The song narrates the singer's slip into the world of nightlife, the allure of which has it "livin' only for the night" and deeming itself to "live among the creatures of the night". Rather than actually invoking more self-control, the singer repeatedly declares to a phantom protagonist that "you take my self, you take my self-control".

Track listings[edit]

7" single
  1. "Self Control" – 4:08
  2. "Silent Partners" – 3:58

(Note: UK 7" Single Cat No: A9676)

12" maxi
  1. "Self Control" (extended version) – 5:00
  2. "Silent Partners" (extended version) – 4:10

Charts and certifications[edit]

Order of precedence
Preceded by
"I Want to Break Free" by Queen
Austrian number-one single
July 1, 1984 – August 1, 1984 (6 weeks)
Succeeded by
"Fürstenfeld" by STS
South African number-one single
September 14, 1984 – October 5, 1984 (4 weeks)
Succeeded by
"Manuel Goodbye" by Audrey Landers
Preceded by
"Oh Sherrie" by Steve Perry
Canadian RPM number-one single
July 21, 1984 (1 week)
Succeeded by
"Sister Christian" by Night Ranger
Preceded by
"Just Another Woman in Love" by Anne Murray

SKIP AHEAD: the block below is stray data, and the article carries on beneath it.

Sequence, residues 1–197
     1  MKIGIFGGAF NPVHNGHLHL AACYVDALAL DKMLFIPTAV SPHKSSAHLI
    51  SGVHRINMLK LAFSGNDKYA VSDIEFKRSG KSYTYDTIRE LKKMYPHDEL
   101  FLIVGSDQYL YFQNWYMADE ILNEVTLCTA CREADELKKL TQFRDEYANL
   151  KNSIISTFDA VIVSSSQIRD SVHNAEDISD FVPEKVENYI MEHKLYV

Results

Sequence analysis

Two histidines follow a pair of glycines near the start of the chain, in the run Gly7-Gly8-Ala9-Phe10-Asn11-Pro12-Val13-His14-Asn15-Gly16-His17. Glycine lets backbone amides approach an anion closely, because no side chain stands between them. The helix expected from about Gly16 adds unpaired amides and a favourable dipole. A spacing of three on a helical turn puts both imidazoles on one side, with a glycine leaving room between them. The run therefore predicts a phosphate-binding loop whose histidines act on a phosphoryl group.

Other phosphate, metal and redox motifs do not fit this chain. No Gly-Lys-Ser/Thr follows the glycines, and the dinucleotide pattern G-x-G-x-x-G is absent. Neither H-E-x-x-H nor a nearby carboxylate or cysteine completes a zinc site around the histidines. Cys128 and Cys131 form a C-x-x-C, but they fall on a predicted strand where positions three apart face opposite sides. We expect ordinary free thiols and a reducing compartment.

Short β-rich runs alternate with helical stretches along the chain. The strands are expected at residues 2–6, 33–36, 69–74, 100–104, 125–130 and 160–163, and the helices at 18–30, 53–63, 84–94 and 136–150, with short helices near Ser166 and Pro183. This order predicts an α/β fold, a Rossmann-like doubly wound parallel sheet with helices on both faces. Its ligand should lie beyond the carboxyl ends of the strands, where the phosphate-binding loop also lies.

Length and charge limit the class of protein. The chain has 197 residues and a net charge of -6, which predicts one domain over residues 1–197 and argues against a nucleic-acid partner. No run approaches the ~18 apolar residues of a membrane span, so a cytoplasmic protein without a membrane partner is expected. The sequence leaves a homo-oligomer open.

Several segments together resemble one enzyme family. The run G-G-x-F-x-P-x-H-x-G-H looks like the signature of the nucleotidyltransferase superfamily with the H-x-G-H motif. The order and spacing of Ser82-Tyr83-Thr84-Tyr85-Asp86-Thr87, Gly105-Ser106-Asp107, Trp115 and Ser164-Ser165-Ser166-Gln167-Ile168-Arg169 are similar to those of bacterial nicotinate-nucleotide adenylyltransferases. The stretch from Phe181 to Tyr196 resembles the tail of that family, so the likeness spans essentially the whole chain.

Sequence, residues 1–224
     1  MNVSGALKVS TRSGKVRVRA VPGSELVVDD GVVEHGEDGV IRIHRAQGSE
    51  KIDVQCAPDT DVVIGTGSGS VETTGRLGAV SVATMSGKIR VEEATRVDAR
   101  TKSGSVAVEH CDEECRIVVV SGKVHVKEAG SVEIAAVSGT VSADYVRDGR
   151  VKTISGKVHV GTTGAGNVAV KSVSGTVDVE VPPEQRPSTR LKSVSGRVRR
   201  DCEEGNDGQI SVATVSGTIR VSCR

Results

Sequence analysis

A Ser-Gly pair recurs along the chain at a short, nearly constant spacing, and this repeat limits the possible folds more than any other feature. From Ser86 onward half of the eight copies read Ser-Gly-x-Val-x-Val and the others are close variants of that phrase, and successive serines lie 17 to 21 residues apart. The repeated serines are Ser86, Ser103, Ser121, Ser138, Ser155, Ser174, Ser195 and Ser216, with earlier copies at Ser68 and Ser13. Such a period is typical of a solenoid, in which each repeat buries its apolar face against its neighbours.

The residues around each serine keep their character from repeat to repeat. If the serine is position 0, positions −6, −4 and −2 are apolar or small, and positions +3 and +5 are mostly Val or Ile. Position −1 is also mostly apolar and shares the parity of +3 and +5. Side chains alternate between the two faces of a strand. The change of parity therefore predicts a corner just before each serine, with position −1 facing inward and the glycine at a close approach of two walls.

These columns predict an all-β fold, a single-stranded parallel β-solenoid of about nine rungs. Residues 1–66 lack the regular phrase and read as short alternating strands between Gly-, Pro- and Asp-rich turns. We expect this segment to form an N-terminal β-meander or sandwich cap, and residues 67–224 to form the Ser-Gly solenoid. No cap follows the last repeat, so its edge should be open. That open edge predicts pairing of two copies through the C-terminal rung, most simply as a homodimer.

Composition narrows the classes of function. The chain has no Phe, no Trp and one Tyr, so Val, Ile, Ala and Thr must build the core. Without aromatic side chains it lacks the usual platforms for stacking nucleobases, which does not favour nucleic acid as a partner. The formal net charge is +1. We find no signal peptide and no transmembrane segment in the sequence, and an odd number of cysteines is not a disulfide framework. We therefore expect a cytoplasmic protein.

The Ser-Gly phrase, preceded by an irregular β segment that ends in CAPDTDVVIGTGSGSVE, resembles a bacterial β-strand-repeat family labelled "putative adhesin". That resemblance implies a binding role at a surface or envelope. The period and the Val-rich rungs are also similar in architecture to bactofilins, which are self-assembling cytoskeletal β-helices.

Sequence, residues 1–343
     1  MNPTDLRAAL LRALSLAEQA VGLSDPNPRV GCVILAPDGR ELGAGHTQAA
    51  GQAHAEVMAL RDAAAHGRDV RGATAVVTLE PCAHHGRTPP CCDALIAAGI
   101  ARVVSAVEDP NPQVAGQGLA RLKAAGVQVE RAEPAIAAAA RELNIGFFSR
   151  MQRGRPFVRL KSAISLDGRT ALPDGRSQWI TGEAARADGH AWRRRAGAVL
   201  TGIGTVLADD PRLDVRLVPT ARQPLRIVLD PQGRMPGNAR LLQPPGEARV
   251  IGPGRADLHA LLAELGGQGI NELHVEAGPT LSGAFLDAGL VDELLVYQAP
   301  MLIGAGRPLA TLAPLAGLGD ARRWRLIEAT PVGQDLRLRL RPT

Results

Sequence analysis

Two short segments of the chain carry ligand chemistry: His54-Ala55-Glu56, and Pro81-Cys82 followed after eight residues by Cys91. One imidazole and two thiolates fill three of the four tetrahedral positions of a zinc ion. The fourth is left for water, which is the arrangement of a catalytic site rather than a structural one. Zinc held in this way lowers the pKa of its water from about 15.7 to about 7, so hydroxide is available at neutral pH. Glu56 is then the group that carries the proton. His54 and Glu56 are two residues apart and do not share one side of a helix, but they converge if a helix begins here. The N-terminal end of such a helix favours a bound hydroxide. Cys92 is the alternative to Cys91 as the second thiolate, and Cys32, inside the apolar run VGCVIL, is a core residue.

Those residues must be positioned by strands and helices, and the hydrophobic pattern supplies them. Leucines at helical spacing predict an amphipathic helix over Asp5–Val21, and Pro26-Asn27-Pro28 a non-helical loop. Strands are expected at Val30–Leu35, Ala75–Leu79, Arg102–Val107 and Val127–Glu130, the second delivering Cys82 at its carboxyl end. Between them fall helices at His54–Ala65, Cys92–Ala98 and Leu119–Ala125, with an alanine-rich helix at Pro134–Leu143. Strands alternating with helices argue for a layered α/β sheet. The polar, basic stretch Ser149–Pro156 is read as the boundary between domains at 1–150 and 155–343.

Canadian RPM Adult Contemporary number-one single
July 21, 1984 (1 week)
Succeeded by
"If Ever You're in My Arms Again" by Peabo Bryson
Preceded by
"Send Me an Angel" by Real Life
German number-one single
June 18, 1984 – July 23, 1984 (6 weeks)
Succeeded by
"Two Tribes" by Frankie Goes to Hollywood
Preceded by
"Wake Me Up Before You Go-Go" by Wham!
Eurochart Hot 100 number-one single (first run)
July 21, 1984 (1 week)
Preceded by
"Two Tribes" by Frankie Goes to Hollywood
Eurochart Hot 100 number-one single (second run)
August 18, 1984 – September 8, 1984 (4 weeks)
Succeeded by
"High Energy" by Evelyn Thomas
Preceded by
"Big in Japan" by Alphaville
Swedish number-one single
August 3, 1984 (1 week)
Succeeded by
"Wake Me Up Before You Go-Go" by Wham!
Preceded by
"Hello" by Lionel Richie
"Self Control" by Raf
Swiss number-one single
June 24, 1984 (1 week)
July 8, 1984 – August 19, 1984 (7 weeks)
Succeeded by
"Self Control" by Raf
"Such a Shame" by Talk Talk
Preceded by
Major Tom (völlig losgelöst) by Peter Schilling
German best-selling single of the year
Succeeded by
Live Is Life by Opus
Preceded by
Flashdance... What a Feeling by Irene Cara
Swiss best-selling single of the year


"Self Control 2004"
Single by Laura Branigan
Released January 19, 2004
Format CD, 12"
Recorded 2003
Genre Dance, Hi-NRG
Length 3:21
Label Dance Street
Writer(s) Giancarlo Bigazzi, Steve Piccolo, Raffaele Riefoli
Laura Branigan singles chronology
"Dim All the Lights"
"Self Control 2004"
"Gloria 2004"